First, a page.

points, as his _Excellenz_ was not uncholeric, I found it more pleasant to
keep silence. Besides, his occupation being that of Owning Land, there
might be faculties enough, which, as superfluous for such use, were little
developed in him."

That to Teufelsdrockh the aspect of the world was nowise so faultless, and
many things besides "the Outrooting of Journalism" might have seemed
improvements, we can readily conjecture. With nothing but a barren
Auscultatorship from without, and so many mutinous thoughts and wishes from
within, his position was no easy one. "The Universe," he says, "was as a
mighty Sphinx-riddle, which I knew so little of, yet must rede, or be
devoured. In red streaks of unspeakable grandeur, yet also in the
blackness of darkness, was Life, to my too-unfurnished Thought, unfolding
itself. A strange contradiction lay in me; and I as yet knew not the
solution of it; knew not that spiritual music can spring only from discords
set in harmony; that but for Evil there were no Good, as victory is only
possible by battle."

"I have heard affirmed (surely in jest)," observes he elsewhere, "by not
unphilanthropic persons, that it were a real increase of human happiness,
could all young men from the age of nineteen be covered under barrels, or
rendered otherwise invisible; and there left to follow their lawful studies
and callings, till they emerged, sadder and wiser, at the age of
twenty-five. With which suggestion, at least as considered in the light of
a practical scheme, I need scarcely say that I nowise coincide.
Nevertheless it is plausibly urged that, as young ladies (_Madchen_) are,
to mankind, precisely the most delightful in those years; so young
gentlemen (_Bubchen_) do then attain their maximum of detestability. Such
gawks (_Gecken_) are they, and foolish peacocks, and yet with such a
vulturous hunger for self-indulgence; so obstinate, obstreperous,
vain-glorious; in all senses, so froward and so forward. No mortal's
endeavor or attainment will, in the smallest, content the as yet
unendeavoring, unattaining young gentleman; but he could make it all
infinitely better, were it worthy of him. Life everywhere is the most
manageable matter, simple as a question in the Rule-of-Three: multiply
your second and third term together, divide the product by the first, and
your quotient will be the answer,--which you are but an ass if you cannot
come at. The booby has not yet found out, by any trial, that, do what one
will, there is ever a cursed fraction, oftenest a decimal repeater, and no
net integer quotient so much as to be thought of."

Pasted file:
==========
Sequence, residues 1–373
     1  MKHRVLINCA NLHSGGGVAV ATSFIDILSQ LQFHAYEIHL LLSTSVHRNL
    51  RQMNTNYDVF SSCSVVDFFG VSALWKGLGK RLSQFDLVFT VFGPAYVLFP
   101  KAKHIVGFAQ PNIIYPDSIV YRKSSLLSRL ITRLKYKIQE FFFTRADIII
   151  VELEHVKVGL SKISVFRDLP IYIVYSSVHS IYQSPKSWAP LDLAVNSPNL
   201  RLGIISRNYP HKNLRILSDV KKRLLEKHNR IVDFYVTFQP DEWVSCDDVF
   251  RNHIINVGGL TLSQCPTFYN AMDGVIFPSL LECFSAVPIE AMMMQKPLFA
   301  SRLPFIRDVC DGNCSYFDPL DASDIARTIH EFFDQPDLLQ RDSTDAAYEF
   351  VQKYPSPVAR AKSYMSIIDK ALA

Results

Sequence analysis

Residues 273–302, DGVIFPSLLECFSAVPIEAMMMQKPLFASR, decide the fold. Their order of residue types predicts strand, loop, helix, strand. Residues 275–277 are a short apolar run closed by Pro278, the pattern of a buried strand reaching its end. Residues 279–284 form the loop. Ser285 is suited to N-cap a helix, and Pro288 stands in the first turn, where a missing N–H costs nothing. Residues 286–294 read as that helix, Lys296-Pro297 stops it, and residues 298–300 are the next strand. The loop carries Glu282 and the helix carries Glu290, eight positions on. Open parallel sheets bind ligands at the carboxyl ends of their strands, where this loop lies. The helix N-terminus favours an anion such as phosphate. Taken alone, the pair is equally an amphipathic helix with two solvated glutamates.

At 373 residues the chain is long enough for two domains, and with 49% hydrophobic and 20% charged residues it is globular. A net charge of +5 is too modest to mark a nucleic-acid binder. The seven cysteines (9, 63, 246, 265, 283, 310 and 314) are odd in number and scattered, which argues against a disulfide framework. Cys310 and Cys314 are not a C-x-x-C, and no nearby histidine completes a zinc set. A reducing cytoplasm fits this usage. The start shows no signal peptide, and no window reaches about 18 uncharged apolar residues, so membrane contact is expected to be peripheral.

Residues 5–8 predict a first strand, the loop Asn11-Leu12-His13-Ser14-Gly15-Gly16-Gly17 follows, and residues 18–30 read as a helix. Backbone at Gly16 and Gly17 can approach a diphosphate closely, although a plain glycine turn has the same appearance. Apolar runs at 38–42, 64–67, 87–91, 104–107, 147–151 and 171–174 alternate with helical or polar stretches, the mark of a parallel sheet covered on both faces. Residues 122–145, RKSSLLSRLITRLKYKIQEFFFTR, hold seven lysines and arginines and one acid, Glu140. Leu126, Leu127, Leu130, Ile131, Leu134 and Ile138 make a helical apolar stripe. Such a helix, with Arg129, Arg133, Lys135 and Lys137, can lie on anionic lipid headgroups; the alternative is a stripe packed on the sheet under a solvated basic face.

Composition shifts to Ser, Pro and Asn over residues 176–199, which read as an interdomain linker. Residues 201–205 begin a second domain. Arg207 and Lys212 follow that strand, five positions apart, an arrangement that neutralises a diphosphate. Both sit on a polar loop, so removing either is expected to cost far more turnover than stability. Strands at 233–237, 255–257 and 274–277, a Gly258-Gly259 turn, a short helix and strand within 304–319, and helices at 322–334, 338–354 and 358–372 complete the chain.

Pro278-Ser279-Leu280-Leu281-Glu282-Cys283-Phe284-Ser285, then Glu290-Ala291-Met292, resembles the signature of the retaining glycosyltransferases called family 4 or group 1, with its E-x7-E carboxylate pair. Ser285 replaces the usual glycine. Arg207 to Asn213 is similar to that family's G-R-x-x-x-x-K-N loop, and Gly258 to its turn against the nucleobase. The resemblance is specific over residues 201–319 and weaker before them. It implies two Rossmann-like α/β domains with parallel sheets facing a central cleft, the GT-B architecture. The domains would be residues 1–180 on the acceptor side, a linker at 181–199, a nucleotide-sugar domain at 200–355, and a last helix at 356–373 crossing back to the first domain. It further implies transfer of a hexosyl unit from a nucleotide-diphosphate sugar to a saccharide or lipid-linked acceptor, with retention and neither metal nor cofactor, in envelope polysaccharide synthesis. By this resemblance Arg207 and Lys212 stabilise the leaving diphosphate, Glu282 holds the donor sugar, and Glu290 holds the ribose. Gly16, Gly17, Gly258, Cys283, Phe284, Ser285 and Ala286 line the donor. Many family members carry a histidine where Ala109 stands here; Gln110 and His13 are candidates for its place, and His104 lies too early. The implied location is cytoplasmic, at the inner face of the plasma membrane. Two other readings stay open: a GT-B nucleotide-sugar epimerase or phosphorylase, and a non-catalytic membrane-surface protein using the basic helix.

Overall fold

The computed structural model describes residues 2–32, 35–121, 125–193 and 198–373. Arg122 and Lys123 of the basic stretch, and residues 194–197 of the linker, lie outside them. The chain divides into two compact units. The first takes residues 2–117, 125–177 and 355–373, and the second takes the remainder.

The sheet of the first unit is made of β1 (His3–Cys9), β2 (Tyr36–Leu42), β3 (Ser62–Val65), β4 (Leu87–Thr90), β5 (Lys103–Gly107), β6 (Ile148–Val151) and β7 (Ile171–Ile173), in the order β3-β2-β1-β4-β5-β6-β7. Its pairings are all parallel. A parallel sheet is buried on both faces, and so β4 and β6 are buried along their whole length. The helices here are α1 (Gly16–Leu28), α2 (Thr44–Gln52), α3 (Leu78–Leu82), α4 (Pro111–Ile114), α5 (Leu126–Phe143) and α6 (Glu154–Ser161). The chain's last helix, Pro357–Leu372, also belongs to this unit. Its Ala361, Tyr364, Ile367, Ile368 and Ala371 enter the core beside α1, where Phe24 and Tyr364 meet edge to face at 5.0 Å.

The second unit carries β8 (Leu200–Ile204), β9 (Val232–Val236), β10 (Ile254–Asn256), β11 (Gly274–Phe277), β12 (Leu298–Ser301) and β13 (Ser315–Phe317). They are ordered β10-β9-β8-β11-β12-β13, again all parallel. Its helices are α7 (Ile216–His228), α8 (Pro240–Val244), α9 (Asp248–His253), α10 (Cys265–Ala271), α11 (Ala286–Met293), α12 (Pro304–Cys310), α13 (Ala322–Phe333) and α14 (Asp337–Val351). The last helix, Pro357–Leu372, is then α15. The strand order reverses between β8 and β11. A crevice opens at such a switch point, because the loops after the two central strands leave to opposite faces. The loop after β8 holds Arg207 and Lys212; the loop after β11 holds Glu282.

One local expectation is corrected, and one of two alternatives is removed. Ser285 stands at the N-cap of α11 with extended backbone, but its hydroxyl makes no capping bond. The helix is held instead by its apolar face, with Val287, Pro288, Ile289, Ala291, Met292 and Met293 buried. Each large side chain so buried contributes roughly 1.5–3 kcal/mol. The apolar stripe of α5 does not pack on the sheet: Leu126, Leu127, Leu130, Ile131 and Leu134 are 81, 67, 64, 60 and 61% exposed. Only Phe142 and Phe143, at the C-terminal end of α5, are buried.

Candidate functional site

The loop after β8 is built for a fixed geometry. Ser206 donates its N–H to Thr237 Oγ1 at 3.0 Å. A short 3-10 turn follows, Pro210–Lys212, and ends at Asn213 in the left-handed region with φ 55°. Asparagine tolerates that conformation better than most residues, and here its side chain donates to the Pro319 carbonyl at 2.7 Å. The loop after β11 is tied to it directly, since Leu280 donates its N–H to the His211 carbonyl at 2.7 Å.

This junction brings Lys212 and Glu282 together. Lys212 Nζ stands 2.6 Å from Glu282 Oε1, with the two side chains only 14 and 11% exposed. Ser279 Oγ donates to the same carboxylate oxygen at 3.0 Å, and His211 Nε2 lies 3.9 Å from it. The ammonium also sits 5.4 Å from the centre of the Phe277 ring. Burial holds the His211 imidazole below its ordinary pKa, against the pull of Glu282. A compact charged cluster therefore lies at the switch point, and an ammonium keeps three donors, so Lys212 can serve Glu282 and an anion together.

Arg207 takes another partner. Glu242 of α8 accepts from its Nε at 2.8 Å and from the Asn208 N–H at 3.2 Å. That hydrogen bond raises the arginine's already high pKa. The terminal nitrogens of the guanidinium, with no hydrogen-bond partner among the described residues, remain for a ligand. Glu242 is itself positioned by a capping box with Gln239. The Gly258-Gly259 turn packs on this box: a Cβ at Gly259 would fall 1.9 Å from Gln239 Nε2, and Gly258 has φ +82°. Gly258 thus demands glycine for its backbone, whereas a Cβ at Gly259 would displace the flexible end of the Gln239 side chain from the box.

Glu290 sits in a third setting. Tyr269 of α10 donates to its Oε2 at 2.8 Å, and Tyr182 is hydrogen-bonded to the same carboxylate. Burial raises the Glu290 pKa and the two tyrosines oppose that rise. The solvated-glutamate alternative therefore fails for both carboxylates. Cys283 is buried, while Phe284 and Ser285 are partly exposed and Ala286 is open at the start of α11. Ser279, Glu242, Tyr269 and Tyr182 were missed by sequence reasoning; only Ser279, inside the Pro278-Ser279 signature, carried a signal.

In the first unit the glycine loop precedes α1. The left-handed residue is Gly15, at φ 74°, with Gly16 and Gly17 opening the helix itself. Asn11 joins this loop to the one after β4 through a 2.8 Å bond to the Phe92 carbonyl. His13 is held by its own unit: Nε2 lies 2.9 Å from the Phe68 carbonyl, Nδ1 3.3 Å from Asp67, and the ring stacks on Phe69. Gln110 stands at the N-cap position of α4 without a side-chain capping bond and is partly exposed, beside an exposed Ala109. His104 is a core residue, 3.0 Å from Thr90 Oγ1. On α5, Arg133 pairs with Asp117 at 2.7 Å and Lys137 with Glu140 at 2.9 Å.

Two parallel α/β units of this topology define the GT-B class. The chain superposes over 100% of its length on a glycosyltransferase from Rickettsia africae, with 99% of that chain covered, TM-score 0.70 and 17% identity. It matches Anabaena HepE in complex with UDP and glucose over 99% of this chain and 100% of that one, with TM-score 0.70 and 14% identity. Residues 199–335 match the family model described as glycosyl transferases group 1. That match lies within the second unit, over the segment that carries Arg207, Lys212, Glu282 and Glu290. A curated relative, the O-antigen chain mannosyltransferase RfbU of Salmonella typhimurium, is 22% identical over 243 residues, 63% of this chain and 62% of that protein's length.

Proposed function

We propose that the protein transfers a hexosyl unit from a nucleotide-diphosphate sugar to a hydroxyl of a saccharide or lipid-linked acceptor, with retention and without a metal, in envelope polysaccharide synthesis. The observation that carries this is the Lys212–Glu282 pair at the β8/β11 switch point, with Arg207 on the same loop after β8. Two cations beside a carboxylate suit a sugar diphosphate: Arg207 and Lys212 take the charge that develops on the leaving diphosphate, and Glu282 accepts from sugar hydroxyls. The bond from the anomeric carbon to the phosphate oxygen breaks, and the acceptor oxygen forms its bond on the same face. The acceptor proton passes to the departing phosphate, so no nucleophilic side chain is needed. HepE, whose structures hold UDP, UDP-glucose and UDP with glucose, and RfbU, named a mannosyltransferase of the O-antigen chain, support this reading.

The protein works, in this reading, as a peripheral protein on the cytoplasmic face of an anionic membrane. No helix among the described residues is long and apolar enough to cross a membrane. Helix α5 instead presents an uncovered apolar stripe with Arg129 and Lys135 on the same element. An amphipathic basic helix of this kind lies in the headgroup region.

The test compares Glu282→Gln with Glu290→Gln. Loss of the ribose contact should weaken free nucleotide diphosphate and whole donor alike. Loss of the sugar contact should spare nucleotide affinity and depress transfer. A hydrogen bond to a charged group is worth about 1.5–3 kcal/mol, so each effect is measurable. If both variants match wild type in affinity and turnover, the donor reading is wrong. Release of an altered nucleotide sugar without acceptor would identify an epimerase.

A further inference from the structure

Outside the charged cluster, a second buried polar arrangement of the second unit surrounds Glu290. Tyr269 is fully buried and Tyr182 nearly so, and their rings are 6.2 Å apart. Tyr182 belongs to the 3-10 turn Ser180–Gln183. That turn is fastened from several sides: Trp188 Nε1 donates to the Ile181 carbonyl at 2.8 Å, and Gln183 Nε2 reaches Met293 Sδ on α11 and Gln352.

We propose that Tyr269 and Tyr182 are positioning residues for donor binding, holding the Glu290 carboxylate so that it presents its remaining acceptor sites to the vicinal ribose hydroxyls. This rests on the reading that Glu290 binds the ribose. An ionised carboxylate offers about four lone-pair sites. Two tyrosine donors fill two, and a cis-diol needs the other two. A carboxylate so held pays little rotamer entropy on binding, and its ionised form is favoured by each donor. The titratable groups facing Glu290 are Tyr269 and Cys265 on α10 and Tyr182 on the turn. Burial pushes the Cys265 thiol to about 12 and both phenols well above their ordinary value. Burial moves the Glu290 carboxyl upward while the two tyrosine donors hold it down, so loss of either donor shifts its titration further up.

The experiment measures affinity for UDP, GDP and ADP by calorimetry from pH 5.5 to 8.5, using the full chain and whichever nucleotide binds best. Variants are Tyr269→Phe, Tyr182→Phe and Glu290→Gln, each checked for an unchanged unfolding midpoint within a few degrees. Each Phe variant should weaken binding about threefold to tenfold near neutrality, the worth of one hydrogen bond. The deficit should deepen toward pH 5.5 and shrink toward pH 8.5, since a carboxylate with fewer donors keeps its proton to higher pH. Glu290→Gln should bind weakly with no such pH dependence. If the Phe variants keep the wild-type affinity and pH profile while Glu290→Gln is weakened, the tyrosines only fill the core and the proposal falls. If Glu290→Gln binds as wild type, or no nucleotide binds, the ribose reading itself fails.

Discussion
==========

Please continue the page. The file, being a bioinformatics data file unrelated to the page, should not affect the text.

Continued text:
In which passage does not there lie an implied confession that
Teufelsdrockh himself, besides his outward obstructions, had an inward,
still greater, to contend with; namely, a certain temporary, youthful, yet
still afflictive derangement of head? Alas, on the former side alone, his
case was hard enough. "It continues ever true," says he, "that Saturn, or
Chronos, or what we call TIME, devours all his Children: only by incessant
Running, by incessant Working, may you (for some threescore-and-ten years)
escape him; and you too he devours at last. Can any Sovereign, or Holy
Alliance of Sovereigns, bid Time stand still; even in thought, shake
themselves free of Time? Our whole terrestrial being is based on Time, and
built of Time; it is wholly a Movement, a Time-impulse; Time is the author
of it, the material of it. Hence also our Whole Duty, which is to move, to
work,--in the right direction. Are not our Bodies and our Souls in
continual movement, whether we will or not; in a continual Waste, requiring
a continual Repair? Utmost satisfaction of our whole outward and inward
Wants were but satisfaction for a space of Time; thus, whatso we have done,
is done, and for us annihilated, and ever must we go and do anew. O
Time-Spirit, how hast thou environed and imprisoned us, and sunk us so deep
in thy troublous dim Time-Element, that only in lucid moments can so much
as glimpses of our upper Azure Home be revealed to us! Me, however, as a
Son of Time, unhappier than some others, was Time threatening to eat quite
prematurely; for, strive as I might, there was no good Running, so
obstructed was the path, so gyved were the feet." That is to say, we
presume, speaking in the dialect of this lower world, that Teufelsdrockh's
whole duty and necessity was, like other men's, "to work,--in the right
direction," and that no work was to be had; whereby he became wretched